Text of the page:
[GDC 2011] Bravo, Attack to Crosshairs

Hooboy is there a lot to SOCOM 4, and we've got it all right here.
Author: Sam Bishop
Published: March 12, 2011
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Making one franchise your bread and butter can become a little... exhausting for a developer, but somehow despite what seems like 70 billion (it's actually closer to seven) SOCOM games, Zipper Interactive sports a damned impressive retention rate. The release of MAG, an absolutely brilliant 256-player tactical first-person shooter, no doubt helped provide a breath of fresh air, but Zipper has once again returned to the franchise that all but created the PlayStation 2's online community and helped the optional Network Adaptor add-on to become a hardcore go-to purchase.

But there's a certain adage that seemingly doesn't hold up well when it comes to sequential releases: familiarity breeds contempt. Though there have been quite a few SOCOM games in the past -- including a more tactical and externally-developed diversions on the PSP -- the series has stuck fairly closely to its guns when pushing out sequels. It's great for keeping the die-hard superfans happy, but in moving to new hardware, Zipper decided that it was finally time to give the series an overhaul.

The result? SOCOM 4, a sort of re-imagining of the classic bullet points of the series; tactical missions, pre-planning before entering a firefight and squad-based commands, and updates the whole presentation to be a little more in line with how modern shooters do things. For starters, that means a cover-based system, something that might seem like blasphemy to fans of the original. Here's another: regenerating health. And another: online multiplayer that supports both.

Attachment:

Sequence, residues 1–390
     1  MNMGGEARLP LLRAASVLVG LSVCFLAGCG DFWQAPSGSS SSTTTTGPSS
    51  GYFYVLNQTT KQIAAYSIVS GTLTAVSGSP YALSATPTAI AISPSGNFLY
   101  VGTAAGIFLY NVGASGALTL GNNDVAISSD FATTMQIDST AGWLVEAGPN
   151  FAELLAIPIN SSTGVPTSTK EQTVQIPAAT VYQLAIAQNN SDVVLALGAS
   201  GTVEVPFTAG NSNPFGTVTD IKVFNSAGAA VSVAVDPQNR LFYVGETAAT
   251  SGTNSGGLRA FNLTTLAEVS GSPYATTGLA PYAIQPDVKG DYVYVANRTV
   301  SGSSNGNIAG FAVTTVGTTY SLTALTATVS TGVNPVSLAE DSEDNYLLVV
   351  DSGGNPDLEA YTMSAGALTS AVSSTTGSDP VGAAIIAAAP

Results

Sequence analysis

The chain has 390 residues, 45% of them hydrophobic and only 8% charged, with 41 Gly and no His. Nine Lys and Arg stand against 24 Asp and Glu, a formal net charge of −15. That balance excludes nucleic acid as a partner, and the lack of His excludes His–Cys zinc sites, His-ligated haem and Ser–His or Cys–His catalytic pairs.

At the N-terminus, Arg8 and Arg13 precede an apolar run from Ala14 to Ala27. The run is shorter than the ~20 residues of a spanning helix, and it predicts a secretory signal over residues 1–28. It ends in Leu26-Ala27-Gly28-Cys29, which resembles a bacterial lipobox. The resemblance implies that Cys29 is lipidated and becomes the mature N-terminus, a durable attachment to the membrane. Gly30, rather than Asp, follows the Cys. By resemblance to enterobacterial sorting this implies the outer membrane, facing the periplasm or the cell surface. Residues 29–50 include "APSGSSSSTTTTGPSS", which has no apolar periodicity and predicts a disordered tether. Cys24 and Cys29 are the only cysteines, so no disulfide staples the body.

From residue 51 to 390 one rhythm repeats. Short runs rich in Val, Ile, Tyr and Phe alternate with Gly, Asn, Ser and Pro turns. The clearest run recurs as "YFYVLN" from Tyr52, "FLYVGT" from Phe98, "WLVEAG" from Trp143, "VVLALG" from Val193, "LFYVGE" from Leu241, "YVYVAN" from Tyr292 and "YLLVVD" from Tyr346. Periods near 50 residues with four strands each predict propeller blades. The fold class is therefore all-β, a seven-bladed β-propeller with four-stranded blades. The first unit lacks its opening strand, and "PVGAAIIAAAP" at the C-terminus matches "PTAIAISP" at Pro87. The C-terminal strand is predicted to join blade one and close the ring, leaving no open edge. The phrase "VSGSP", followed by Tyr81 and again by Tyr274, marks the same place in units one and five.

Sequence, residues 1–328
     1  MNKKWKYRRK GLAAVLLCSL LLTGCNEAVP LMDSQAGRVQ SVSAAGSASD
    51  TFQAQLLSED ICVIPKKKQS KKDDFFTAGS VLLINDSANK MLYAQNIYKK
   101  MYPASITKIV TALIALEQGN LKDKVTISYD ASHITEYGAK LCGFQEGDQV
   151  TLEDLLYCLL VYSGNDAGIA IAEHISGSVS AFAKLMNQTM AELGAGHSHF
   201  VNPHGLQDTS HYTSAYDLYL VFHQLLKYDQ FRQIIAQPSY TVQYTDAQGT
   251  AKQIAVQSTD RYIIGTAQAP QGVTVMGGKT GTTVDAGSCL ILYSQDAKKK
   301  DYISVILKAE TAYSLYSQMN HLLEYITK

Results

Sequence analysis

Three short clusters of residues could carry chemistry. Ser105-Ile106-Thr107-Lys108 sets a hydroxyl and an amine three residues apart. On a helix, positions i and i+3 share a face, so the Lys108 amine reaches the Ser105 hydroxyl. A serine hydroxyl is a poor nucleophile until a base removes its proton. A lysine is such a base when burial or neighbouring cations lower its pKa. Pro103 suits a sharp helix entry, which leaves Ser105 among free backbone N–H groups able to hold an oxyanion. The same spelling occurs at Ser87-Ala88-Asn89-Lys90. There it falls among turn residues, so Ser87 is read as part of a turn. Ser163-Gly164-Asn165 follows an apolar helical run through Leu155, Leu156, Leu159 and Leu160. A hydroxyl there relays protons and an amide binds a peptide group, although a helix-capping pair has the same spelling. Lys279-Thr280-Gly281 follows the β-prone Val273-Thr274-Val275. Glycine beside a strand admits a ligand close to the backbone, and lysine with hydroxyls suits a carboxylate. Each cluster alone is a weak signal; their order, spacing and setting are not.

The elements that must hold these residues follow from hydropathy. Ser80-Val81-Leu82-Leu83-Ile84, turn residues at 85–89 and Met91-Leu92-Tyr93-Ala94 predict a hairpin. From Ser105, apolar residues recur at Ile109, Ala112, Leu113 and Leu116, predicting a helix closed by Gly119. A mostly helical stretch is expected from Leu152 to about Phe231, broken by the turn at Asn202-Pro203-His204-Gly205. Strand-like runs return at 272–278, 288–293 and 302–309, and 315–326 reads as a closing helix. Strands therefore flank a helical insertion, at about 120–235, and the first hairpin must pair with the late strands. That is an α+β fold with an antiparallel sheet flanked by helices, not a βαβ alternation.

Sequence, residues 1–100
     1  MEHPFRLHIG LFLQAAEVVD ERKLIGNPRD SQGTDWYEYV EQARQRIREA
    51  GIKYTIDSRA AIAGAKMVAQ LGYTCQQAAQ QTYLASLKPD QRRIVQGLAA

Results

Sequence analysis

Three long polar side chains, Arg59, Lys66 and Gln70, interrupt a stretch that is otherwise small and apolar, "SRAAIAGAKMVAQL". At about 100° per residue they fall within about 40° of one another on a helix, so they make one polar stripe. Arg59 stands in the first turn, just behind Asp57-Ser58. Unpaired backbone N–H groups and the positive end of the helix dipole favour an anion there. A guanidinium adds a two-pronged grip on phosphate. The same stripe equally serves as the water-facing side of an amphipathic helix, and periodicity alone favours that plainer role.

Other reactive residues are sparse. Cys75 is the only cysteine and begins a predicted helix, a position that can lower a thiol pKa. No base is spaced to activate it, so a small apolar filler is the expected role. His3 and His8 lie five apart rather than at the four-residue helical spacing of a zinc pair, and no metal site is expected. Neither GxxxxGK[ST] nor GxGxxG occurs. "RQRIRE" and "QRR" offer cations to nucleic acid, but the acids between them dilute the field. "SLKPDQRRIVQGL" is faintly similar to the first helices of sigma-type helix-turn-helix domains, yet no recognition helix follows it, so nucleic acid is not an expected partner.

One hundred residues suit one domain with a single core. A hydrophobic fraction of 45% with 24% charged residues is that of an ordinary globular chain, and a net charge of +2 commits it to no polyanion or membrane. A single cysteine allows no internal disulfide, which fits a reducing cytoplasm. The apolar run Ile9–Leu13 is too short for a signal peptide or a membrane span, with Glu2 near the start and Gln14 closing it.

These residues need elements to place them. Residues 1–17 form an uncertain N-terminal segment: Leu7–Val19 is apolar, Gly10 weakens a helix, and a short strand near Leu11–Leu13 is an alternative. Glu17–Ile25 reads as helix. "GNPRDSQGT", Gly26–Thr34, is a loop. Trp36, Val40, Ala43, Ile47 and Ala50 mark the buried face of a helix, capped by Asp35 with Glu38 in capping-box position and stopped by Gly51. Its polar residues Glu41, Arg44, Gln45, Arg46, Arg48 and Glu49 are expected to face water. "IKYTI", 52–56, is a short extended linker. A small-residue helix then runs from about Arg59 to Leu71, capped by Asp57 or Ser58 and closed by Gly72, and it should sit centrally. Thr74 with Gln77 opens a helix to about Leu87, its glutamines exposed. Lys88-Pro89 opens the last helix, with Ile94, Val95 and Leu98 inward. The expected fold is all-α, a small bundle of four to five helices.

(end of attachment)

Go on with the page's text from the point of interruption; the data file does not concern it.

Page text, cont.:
Online also supports Classic Mode, though, meaning those fans of the older games can still get their one-death, no respawn, no regenerating health, no cover way of playing while newcomers can sink their teeth into something a little more forgiving while both sides end up digesting two all new modes, which we'll get to in a second.

Before we do, though, it's probably important to talk about how the game plays offline. There is still a single-player story with a focus on PMCs and a swelling rebel threat and one Cullen Grey, leading a team of two SEALs and two South Korean squad members that can be ordered to different positions or told to fire on independent groups, just as before. Now, though, that cover-based system, in conjunction with destructible cover, means on-the-fly decision making and care pre-firefight planning are just as important as ever.

We took a stab at one of the missions, an assault on a small village that spilled across a moaning metal bridge and out into a riverside set of ramshackle huts toward a tussle with an attack helicopter -- at least that was the plan. Though the mission was set fairly far into the campaign where the player would understand the intricacies of squad command and how enemies would behave, we still got completely, utterly wrecked, barely making it across the bridge before finally giving up hope that we'd be able to fell enemies with the game's new 3D and Move controller support.
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